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My Charity Work is More Degrading Than Yours: Lessons on Leadership from the Middle School Fellowship (Part 1)

March 19, 2009

Here’s a valuable tip for those of you thinking about volunteering with your church’s middle-school youth program: have very low expectations. Taking a few mental steps down the staircase of Acceptable Standards for Organizational Behavior proved to be very helpful for an executive manager such as myself in more effectively leading a gangly group of thirteen-year olds at my church.

I found out very early on that the weekly youth meetings of our Middle School “ministry” (please note that I use that term very loosely here) are nothing at all like the corporate management meetings that I am used to presiding over. When running a meeting at work, for instance, one can expect those in attendance will listen to you. Also, you can be pretty sure most of the time the group will show some measure of respect, decency, and collaboration. In the end you can hope for at least a small attempt at productivity, even in the most dysfunctional of teams. However, at the middle school youth group, you are pretty much outnumbered, ignored, and out of control ninety-nine percent of the time. Plus they can be really gross. Well, the boys, anyways.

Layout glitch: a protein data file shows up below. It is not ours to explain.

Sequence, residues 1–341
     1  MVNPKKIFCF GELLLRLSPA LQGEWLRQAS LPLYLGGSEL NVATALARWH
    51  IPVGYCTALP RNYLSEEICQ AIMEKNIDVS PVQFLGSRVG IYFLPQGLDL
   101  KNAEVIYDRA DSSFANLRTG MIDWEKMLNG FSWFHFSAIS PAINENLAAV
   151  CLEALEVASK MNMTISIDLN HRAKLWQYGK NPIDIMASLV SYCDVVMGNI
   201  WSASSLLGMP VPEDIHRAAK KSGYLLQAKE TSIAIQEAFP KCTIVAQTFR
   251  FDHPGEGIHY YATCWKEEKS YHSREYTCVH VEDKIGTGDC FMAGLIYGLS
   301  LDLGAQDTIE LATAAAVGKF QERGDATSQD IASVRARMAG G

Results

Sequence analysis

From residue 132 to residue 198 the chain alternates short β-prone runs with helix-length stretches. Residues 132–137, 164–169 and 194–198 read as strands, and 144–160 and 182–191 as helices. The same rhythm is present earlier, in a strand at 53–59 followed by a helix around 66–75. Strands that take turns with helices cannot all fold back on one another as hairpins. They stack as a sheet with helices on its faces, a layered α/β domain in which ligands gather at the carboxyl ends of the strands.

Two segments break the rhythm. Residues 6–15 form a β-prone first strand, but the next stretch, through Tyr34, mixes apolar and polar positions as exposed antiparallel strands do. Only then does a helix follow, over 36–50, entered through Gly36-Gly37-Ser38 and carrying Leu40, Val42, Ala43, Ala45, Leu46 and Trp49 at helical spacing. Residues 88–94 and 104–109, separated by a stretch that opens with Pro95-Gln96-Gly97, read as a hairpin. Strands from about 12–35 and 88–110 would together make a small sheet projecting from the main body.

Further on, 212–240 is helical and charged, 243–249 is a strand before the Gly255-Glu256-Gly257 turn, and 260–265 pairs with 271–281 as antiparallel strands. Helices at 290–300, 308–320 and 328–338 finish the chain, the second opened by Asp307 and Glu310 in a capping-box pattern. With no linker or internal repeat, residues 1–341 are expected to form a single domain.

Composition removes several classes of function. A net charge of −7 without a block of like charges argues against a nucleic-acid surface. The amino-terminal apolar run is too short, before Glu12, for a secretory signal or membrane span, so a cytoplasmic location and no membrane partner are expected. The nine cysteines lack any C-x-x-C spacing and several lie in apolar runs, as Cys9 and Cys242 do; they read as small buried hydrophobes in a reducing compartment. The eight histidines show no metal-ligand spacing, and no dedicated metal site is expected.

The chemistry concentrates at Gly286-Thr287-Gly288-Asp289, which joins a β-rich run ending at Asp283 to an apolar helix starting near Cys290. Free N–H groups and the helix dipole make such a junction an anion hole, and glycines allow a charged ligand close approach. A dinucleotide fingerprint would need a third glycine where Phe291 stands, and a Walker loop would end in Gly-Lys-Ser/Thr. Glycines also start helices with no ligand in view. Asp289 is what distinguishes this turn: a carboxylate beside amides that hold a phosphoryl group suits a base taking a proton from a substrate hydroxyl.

As this topic of conversation comes up from time to time with friends and colleagues, many respond with a snort of laughter. This is then  followed with a question that asks, in one form or another, “What on earth could have possibly possessed you to dedicate your precious time and astute executive mental acuity on — middle school kids? Blech.” Good question. You may very well share the opinion of my enthusiastic friend from Starbucks, Reece, who, upon hearing of my philanthropic endeavor with those surly church tweens, said to me with a palpable disgust: “No one could ever pay me enough to work with middle school kids!” She put a defining emphasis on the words “ever,” “pay,” and “enough.” Sparks of spittle erupted from her mouth like fireworks as she spoke, especially on the word “pay”. She really meant it.

Another time, while enjoying the fellowship and sophisticated conversation of civil-minded adults at a church potluck function, I found myself cornered by the father of five boys. He had heard about my unfortunate falling-in with the middle school program. “Well, now Brad,” he said with a serpent’s grin, in between bites of celery in ranch dip, “Aren’t you lucky, to get stuck leading the middle school program!”

This is a form of encouragement, right?

“My heart goes out to you. Boys at that age can be…” He was searching for a word – one to replace the word that he intended to say; a word that I think he might have regretted using in mixed company at a church function. Instead, he delivered the following statement to me: “Eighth-grade boys are the lowest form of life on earth.”

Well. Thanks, for that. As the father of five boys, he ought to know better than anyone else, I guess.